The Rolling Stones are adding three previously unreleased songs to an expanded version of Goats Head Soup.

The deluxe two-disc CD and vinyl editions of the murky, somewhat bloated 1973 album will be released on Sept. 4. They will include 10 rarities and alternative mixes, including the previously unreleased tracks “Scarlet,” “All the Rage” and the project’s lead single, “Criss Cross.” Led Zeppelin‘s Jimmy Page contributes guitar to “Scarlet,” which also features Rick Grech of Blind Faith on bass.

“I really feel close to this album, and I really put all I had into it,” Mick Jagger said in a statement announcing the new set’s release. “I guess it comes across that I’m more into the songs.” Eight of Goat Head Soup‘s original 10 songs were recorded in one four-week recording session in Jamaica, which Keith Richards notes “was one of the few places that would let us all in” at the time.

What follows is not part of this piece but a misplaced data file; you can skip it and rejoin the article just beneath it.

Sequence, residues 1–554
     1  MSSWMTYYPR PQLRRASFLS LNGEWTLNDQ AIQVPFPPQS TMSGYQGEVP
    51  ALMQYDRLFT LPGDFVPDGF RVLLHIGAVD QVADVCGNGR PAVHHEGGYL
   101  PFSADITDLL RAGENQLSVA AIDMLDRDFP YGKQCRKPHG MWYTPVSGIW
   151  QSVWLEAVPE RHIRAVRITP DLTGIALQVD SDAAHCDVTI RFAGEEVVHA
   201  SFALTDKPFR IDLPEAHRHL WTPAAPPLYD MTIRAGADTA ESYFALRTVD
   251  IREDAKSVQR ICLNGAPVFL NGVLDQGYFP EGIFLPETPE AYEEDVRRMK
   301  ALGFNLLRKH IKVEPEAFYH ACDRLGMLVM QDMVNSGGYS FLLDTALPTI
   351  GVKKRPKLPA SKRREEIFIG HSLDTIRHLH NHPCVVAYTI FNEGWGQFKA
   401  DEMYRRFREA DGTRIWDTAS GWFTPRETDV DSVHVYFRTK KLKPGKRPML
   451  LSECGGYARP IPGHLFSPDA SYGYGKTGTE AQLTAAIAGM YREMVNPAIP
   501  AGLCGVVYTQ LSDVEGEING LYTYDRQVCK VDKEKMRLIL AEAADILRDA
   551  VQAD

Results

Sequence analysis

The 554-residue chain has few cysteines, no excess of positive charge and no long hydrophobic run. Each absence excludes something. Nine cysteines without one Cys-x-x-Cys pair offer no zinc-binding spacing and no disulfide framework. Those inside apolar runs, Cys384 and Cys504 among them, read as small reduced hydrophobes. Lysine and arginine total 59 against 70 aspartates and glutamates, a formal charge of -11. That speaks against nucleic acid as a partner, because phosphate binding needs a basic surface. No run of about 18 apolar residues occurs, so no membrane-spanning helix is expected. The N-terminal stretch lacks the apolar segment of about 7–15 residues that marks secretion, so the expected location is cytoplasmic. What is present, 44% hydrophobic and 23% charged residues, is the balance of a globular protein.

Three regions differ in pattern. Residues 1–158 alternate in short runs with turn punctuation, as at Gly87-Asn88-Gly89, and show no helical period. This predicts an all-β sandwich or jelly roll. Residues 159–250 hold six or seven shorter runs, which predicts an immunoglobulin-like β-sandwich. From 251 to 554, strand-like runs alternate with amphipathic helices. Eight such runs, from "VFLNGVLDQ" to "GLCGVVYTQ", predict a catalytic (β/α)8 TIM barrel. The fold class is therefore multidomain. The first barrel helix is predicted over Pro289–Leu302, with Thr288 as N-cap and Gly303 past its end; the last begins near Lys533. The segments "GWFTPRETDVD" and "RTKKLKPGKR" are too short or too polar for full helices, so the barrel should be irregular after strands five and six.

In addition to those 10 tracks, the four-disc vinyl and CD box set editions will also include the 1973 live album The Brussels Affair, which was previously available as two limited-edition vinyl box sets in 2012 that cost at least $750.

Watch the Rolling Stones’ ‘Criss Cross’ Video

The new CD set will also come with a 120-page photo and essay book, four replica tour posters and a Blu-ray disc featuring the original album in both high-resolution stereo and surround sound. The Blu-ray also includes music videos for “Dancing With Mr. D,” “Silver Train” and “Angie.”

A vinyl edition of Goats Head Soup featuring an alternate early version of the album’s cover art is available exclusively from the band’s website.

You can see the track listing for the sets below.

The Rolling Stones ‘Goats Head Soup’ Expanded Editions Track Listing
Original Album
1. “Dancing With Mr. D”
2. “100 Years Ago”
3. “Coming Down Again”
4. “Doo Doo Doo Doo Doo (Heartbreaker)”
5. “Angie”
6. “Silver Train”
7. “Hide Your Love”
8. “Winter”
9. “Can You Hear the Music”
10. “Star Star”

Rarities and Alternative Mixes (included on two- and four-disc box sets)
1. “Scarlet”
2. “All the Rage”
3. “Criss Cross”
4. “100 Years Ago” (Piano Demo)
5. “Dancing With Mr. D” (Instrumental)
6. “Heartbreaker” (Instrumental)
7. “Hide Your Love” (Alternative Mix)
8. “Dancing With Mr. D” (Glyn Johns 1973 Mix)
9. “Doo Doo Doo Doo Doo (Heartbreaker)” (Glyn Johns 1973 Mix)
10. “Silver Train” (Glyn Johns 1973 Mix)